The mottled wood owl (Strix ocellata) is a species of large owl found in India and Nepal. They are found in gardens and thin deciduous forests adjacent to dry thorn forests or farmland. They are easily detected by their distinctive tremulous, eerie calls at dawn and dusk. The characteristic call is a duet of the male and female, while other notes include a low hoot and a screech. Their large size, lack of "ear" tufts and the concentric barring on the face make them easy to identify.

Mottled wood owl
Strix ocellata

Mangaon, Raigad, Maharashtra

CITES Appendix II (CITES)[2]
Scientific classification Edit this classification
Domain: Eukaryota
Kingdom: Animalia
Phylum: Chordata
Class: Aves
Order: Strigiformes
Family: Strigidae
Genus: Strix
S. ocellata
Binomial name
Strix ocellata
(Lesson, 1839)

Syrnium ocellatum
Bulaca ocellata

Description edit

This large owl lacks ear tufts and is mottled and vermiculated in reddish brown and white. The face disc is marked with fine concentric black and white barring. The sexes are alike. The chin is white.[3] The eyelid is orange, and the iris is dark brown.[4] The tail is barred narrowly in brown and black.[5] The concentric barring on the face and mottled crown separate it from the brown wood owl in southern India.[6]

There are three subspecies recognized and there are no sharp demarcations in their distributions.[3]

  • S. o. ocellata (Lesson, 1839) is found in southern India and is shorter winged in the males (333–338 mm) than grandis
  • S. o. grisescens Koelz, 1950 is found in northern India south of the Himalayas, west to Pakistan and east to Bihar. The markings are pale above and the males have a wing length of 338–346 mm
  • S. o. grandis Koelz, 1950 from Gujarat is differentiated by the wing length of the males (360–372 mm)

Distribution and habitat edit

Mottled Wood-owl at Bardiya, Nepal.

The species is found in the plains in gardens and lightly wooded habitats. They roost in trees during the day, choosing a branch with dense foliage. An old specimen from Lahore is noted, but no records in recent times from Pakistan. The distribution extends east to West Bengal. They are also seen in various parts of India. Recently a doctor named Dr Arpit Bansal based in Prayagraj captured its images. Also it was observed and images were captured by an enthusiastic photographer named Sachin Yadav in Kasimpur village of Azamgarh district, Uttar Pradesh.[6]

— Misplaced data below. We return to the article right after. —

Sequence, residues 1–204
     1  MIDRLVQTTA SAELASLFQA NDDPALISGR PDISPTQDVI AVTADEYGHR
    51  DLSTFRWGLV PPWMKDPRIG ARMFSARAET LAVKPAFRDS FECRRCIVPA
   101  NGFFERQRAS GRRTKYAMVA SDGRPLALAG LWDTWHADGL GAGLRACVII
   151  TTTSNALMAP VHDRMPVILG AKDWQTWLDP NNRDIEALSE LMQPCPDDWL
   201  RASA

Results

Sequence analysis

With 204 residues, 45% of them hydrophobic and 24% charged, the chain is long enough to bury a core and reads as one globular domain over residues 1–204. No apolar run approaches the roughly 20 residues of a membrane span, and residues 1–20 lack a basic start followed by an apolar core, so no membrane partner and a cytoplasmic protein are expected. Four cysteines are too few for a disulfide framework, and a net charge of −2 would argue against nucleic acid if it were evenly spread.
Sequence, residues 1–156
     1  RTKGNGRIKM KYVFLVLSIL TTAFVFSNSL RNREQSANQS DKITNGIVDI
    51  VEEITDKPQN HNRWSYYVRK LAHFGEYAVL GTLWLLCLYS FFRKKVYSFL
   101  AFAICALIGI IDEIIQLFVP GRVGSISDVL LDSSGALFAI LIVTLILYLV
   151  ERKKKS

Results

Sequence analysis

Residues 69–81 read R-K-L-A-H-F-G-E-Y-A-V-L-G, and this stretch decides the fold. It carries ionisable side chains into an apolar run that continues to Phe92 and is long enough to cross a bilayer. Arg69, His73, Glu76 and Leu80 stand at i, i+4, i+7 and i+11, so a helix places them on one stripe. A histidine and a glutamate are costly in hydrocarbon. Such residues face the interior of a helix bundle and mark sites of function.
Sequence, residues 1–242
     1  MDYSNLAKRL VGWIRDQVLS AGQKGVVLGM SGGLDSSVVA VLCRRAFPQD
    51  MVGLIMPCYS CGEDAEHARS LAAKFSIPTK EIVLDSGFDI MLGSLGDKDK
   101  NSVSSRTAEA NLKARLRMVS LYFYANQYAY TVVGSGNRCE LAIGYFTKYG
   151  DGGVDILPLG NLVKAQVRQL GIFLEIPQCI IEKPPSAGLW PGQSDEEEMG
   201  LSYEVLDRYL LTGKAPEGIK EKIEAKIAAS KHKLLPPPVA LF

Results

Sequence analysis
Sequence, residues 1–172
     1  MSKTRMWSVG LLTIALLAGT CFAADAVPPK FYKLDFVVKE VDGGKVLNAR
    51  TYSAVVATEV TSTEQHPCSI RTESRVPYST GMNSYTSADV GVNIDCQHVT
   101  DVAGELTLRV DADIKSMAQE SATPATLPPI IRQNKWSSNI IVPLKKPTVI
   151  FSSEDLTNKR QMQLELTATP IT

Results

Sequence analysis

Behaviour and ecology edit

These owls roost during the day, usually in pairs. When disturbed they may fly in bright sunshine, although they choose to shelter within a dense grove of trees. They produce an eerie chuhua-aa call with a quaver in the second note. This call is an antiphonal duet of the male and female. The male calls one or two times followed by the female's shorter and less tremulous version.[6] The calling is more frequent in November when they begin to breed. Most Nests are found from February to April.[6] They also produce a single note hoot and a screech not unlike that of the barn owl. The nest is a tree hollow in which two to three white eggs are laid.[3] They feed on palm squirrels, mice and other small mammals.[4]

In culture edit

The call of the mottled wood owl is considered a bad omen by some Keralites. The call is said to sound like the Malayalam expression povaa-aa ("let us go"), and likened to calling upon the spirit world.[7] In Malayalam, this species is therefore called Kālan-kozhi (lit.'fowl of death').[8][a]

References edit

  1. ^ Kālan is the commonly used Malayalam word for Yama, the Hindu deity of death.
  1. ^ BirdLife International (2016). "Strix ocellata". IUCN Red List of Threatened Species. 2016: e.T22689066A93216851. doi:10.2305/IUCN.UK.2016-3.RLTS.T22689066A93216851.en. Retrieved 11 November 2021.
  2. ^ "Appendices | CITES". Retrieved 2022-01-14.
  3. ^ a b c Ali, S & SD Ripley (1981). Handbook of the Birds of India and Pakistan. Volume 3 (2nd ed.). pp. 304–307.
  4. ^ a b Blanford WT (1895). The Fauna of British India, Including Ceylon and Burma. Birds. Volume 3. Taylor and Francis, London. pp. 277–278.
  5. ^ Baker, ECS (1927). The Fauna of British India, Including Ceylon and Burma. Birds. Volume 4 (2nd ed.). Taylor and Francis, London. pp. 402–403.
  6. ^ a b c d Rasmussen PC & JC Anderton (2005). Birds of South Asia. The Ripley Guide. Volume 2. Smithsonian Institution and Lynx Edicions. p. 242.
  7. ^ Vijayaraghavan, B (1986). "Owl beliefs". Newsletter for Birdwatchers. 38 (3): 54–55.
  8. ^ "Wildlife-Avian Warning".

External links edit